Rustic Reality

There are few things more calming than holding a sleeping baby and sipping a cup of tea.  As I’ve progressed through this day I’ve found myself wondering countless times when life is going to slow down.  It’s when that question remains unanswered that I find myself going against the pediatrician’s instructions and my own better intuition and I feed the baby to sleep, not before getting a nice hot drink and a book, magazine or the computer.

I don’t know if it’s because I live in Los Angeles or if it is my innate inability to relax or if it is just the season of life I am in; most likely it is a combination of these factors, but I always seem to be busy.  And while I am running around, my house is never as clean as it ought to be, I’ve not made myself look presentable, the meat for dinner is not thawed … it’s 2:15 and I’m speed walking to the elementary school to pick up my son, while fretting about the load of laundry sitting on my sofa getting wrinkled.  And I wonder, where has my day gone?

By nature, I am an overachiever.  It is not enough to accomplish some of the things on my list (and yes, even as a stay-at-home mom, I have a list), I want to get it all finished every day of the week.  When I don’t, I get nervous.  When I’m nervous I get overwhelmed.  When I’m overwhelmed, I want everyone around me to shift into high gear and accomplish.

My husband walked into such a home last night — an atmosphere I had created.  I tried to change … to settle myself down.  Trying was not enough to change my mood nor my mode of operation.  I really want to create a peace filled home.  I pray daily that I will be an instrument of peace and that patience will emanate from me.  I am not and it does not.  Granted on my best days I can be that which I long for, but yesterday it escaped me.

When the kids were still awake at 8:30 and I walked through the house picking up after the three little people (and one not so little person) who, despite my pleas and attempts at training, drop their belonging all over the house; realizing there was still a lunch and a snack to be made, dishes to be finished, laundry to be folded, and a much deserved shower to be taken, I became overwhelmed and all I wanted to do was head to a blockbuster kiosk, retrieve a chick flick and shut my brain off.  What I needed to do was settle a baby down to sleep and listen to my husband … to be what he needed me to be; kind, patient, empathetic, and safe.  Sure I got around to being all those things I unwittingly vowed to be eight years ago, but why does it take such effort?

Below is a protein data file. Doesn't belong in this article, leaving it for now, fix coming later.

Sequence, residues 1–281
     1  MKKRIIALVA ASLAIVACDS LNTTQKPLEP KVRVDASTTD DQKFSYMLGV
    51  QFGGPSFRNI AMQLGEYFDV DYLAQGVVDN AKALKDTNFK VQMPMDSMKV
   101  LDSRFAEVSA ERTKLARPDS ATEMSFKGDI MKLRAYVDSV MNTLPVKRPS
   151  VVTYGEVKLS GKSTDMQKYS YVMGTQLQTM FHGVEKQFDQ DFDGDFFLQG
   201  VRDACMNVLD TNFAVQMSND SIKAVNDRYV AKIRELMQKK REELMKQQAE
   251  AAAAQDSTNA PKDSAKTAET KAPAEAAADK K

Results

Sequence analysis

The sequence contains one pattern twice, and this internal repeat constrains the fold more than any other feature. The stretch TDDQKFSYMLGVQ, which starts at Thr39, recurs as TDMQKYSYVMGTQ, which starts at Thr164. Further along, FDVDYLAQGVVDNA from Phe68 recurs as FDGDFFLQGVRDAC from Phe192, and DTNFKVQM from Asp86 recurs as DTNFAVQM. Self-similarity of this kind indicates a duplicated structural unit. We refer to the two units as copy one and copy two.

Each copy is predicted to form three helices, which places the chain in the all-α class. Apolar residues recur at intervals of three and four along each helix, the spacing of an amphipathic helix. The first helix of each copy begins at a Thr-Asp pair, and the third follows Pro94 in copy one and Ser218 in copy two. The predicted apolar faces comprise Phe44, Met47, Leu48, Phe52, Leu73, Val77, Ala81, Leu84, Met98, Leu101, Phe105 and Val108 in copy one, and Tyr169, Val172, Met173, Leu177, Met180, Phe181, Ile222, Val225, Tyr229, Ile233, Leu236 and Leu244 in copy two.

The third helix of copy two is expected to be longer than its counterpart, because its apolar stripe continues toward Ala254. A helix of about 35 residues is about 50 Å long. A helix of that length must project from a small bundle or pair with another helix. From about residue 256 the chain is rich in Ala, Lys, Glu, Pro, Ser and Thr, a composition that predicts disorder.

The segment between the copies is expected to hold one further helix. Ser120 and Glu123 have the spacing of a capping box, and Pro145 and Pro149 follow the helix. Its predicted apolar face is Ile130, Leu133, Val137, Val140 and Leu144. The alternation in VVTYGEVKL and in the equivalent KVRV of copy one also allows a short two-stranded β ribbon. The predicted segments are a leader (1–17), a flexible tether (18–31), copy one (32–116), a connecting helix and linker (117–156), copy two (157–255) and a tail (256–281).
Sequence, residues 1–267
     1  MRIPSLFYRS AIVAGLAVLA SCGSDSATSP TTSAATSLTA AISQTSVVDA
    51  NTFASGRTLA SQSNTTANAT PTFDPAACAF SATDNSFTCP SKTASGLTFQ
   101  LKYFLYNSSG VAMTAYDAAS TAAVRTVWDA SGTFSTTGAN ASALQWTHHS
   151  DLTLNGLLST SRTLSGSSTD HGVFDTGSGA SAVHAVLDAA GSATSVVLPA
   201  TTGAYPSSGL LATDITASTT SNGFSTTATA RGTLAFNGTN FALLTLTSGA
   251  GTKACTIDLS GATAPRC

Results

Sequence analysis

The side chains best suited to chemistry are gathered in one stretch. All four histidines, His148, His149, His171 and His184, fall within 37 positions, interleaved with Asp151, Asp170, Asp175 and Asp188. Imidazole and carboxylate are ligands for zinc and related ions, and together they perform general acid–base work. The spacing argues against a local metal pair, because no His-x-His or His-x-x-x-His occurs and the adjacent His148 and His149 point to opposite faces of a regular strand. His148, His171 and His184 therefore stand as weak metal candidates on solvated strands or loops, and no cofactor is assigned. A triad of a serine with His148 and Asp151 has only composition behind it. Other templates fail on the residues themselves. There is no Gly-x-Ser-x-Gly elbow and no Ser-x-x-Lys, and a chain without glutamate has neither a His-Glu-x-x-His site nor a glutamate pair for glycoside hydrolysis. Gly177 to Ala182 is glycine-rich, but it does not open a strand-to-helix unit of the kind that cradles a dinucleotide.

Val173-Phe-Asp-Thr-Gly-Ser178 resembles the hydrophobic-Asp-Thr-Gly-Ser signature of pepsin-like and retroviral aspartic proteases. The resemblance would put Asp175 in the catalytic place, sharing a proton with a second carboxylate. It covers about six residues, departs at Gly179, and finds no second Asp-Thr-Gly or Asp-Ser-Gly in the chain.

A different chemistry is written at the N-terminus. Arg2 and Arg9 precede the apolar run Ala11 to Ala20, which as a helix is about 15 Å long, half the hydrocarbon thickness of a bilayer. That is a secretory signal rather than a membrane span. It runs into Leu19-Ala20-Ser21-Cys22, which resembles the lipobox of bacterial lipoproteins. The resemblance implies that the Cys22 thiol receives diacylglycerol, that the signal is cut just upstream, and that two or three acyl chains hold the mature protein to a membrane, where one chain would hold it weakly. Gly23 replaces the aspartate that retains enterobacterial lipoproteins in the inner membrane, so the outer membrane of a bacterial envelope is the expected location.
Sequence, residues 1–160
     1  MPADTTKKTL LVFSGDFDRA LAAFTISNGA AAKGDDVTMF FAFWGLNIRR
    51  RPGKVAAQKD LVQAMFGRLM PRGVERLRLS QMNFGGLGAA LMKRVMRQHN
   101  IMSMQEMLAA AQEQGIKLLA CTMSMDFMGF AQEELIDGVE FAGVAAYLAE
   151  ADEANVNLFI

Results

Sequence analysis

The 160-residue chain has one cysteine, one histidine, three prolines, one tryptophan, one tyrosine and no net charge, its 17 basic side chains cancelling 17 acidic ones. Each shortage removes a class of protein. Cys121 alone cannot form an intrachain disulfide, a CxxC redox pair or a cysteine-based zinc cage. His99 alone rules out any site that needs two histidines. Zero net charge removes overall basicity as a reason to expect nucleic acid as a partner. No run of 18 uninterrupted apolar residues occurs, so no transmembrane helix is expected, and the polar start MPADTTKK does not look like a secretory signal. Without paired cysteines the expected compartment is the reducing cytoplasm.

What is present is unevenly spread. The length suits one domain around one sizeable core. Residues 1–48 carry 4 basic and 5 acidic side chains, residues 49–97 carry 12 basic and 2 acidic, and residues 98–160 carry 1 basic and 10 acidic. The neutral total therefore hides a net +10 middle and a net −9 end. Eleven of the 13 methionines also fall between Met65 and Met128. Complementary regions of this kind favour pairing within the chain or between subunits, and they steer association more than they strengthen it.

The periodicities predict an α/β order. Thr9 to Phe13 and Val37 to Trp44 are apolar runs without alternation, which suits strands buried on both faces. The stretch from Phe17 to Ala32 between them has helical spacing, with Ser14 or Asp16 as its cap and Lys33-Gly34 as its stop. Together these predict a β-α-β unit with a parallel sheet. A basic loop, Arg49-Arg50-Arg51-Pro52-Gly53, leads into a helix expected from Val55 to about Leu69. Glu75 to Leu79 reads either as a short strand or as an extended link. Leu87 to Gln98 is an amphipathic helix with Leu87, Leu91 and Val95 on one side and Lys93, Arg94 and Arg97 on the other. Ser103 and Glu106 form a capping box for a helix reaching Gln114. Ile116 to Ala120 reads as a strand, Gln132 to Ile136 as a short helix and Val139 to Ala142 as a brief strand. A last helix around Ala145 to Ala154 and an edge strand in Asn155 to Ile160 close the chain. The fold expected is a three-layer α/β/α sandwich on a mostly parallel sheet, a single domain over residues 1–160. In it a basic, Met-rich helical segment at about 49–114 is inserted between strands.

This morning I was struck with the realization that although I think to myself often of how selfish those around me are, I am just that.   That it is because it is impossible to separate myself from my humanity I am selfish.  Yes, I definitely spend the majority of my time doing for others to the point that when I get into bed each night, I feel I’ve earned my sleep, but when something doesn’t go my way I become infantile.  I may not cry like my baby (well, let’s face it, sometimes I do), but I throw the adult version of a hissy fit.  How dare my husband need me when I’ve been caring for his children all day, picking up his dirty clothes, cooking his food, doing his dishes.

I left my tantrum unfinished and took my shower hours after I wanted to.  As the water streamed over my head, I allowed it to symbolically wash away all the things I loathe about myself, yet often won’t claim as mine.  How much slower would life be if I didn’t waste time feeling sorry for myself or complaining about the gift of having four incredible people to care for?  Aren’t I thankful that Matt (my husband) is not all the things that I am, that he never makes me feel as though he’s done enough for me already.  God forgive me for the times when I fail him and in doing so fail Him.

As I start a new adventure this morning (all days seem to be such lately), I have great aspirations for the day.  I have visions of my house becoming pristine, of working out to get the pre-baby body back, of cuddling my sweet Nicholas, of warm cookies coming out of the oven as my children arrive home, an amazing meal prepared, of me helping Lucas and Bethany with their homework with an immense amount of patience, followed by them peacefully drifting off to sleep and spending quality time with my husband.  All this is a dream.  I am messy … and those that I call my own are too.  We are people and while life can be harmonious, it will never match my imagined perfection, and so I must set aside my lofty ideas and accept rustic reality, knowing that I will go through this day loving and that must be enough.

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